Find out more about past and present undergraduate research in German and Slavic studies.
Why Write An Honors Thesis?
- You enjoy writing research papers!
- You excel when working independently!
- You feel passionate about developing a research project based on a in-depth topic related to Germanic or Slavic languages, literatures, or cultures!
Students who wish to undertake a senior honors thesis project must have a cumulative GPA of 3.3 or higher and a GPA of 3.5 or higher in their GSLL major. Students must identify already in the spring semester of their junior year a research topic of potential promise and then secure a faculty advisor within the Department of Germanic Languages and Literatures with expertise in that field. Find the complete schedule of deadlines here.
Honors Thesis Handbook & Contract
Writing an honors thesis involves independence, drive, commitment, and timeliness. In order to assist students and their advisors with the the writing process, the Department maintains an official Handbook for Students Writing an Honors Thesis that should be consulted throughout the entire process. In addition to the handbook, students should be mindful that enrollment in honors thesis courses, 691H in the fall semester and 692H in the spring semester, is contingent on the submission of the department’s Honors Thesis Contract by the first day of classes.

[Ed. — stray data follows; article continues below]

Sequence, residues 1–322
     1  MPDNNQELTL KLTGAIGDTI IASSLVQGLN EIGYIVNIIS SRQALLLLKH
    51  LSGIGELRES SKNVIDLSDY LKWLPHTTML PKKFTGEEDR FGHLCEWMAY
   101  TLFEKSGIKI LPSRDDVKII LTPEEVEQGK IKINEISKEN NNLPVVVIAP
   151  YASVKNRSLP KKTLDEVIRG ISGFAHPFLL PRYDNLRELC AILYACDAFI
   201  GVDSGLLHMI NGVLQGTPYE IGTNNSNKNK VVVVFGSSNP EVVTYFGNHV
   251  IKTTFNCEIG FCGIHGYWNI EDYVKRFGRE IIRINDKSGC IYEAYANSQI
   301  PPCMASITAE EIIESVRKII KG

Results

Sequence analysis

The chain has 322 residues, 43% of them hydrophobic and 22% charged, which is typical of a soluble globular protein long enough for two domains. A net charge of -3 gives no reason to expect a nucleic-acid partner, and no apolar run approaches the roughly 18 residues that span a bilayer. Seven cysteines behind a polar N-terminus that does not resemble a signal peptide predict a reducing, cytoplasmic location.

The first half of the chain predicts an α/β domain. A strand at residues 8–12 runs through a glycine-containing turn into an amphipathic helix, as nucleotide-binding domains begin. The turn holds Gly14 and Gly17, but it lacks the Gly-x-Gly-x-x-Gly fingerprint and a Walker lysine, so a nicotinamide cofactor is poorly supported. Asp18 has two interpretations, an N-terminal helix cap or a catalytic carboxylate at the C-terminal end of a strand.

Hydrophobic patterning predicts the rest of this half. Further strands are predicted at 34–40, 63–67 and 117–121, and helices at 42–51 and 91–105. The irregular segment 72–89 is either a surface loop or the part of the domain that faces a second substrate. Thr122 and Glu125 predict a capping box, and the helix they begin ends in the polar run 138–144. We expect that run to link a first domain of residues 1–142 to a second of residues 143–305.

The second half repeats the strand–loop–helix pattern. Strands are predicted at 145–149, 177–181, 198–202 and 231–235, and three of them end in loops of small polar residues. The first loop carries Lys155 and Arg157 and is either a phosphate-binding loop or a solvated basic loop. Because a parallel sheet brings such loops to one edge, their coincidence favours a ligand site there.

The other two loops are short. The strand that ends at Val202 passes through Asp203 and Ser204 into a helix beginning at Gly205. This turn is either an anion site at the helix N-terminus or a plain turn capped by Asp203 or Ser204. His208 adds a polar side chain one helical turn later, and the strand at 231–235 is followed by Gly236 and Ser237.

Current Honors Theses
Megan Cross, “Norbert Bisky”
Advisor: Priscilla Layne
Abstract: I am interested in exploring the cultural, historical and social forces that influence artistic practice in Germany today, and I would like to approach this research through a focus on the work of Norbert Bisky. Born in Leipzig in 1970, Bisky’s father was a member of the SED party and a professor of film and television – signaling close ties to the GDR. Bisky’s family dynamics will be interesting to study, as the East German regime informed much of Bisky’s early work, and although he attended art school after reunification in 1994, his style has been described as similar to that of socialist realism. As Jurriaan Benschop writes, Bisky felt he had to “paint the GDR out of [his] soul,” but much of his more recent work focuses on themes of “violence, death, intoxication, and physicality” (Norbert Bisky Benschop, Jurriaan. Artforum international 51.9 (May 2013): 341). This shift is interesting and plays into historical narratives that I would like to explore further, like the differences between socialist art and fascist art, and how those elements are present and/or absent from contemporary German art like Bisky’s.
Nate Wagner, “Pop Plays Politics: The German Literary Archive and the Paralysis of Pop before and after the Fall of the Wall”
Advisor: Richard Langston
Abstract: This honors thesis examines the literary and musical work of Sven Regener (1961- ) and Schorsch Kamerun (1963- ), lead singers of the German bands The Element of Crime and Die goldenen Zitronen, respectively. Both active musicians since the 1980s and novelists since the 2000s, Regener and Kamerun have designated the nexus of pop music, politics, and everyday life in the 80s as central concerns in their storytelling. This project interrogates how these two writers and musicians remember the political in the 80s differently and how these differences correspond to the actual crisis that afflicted their pop music in the early 90s.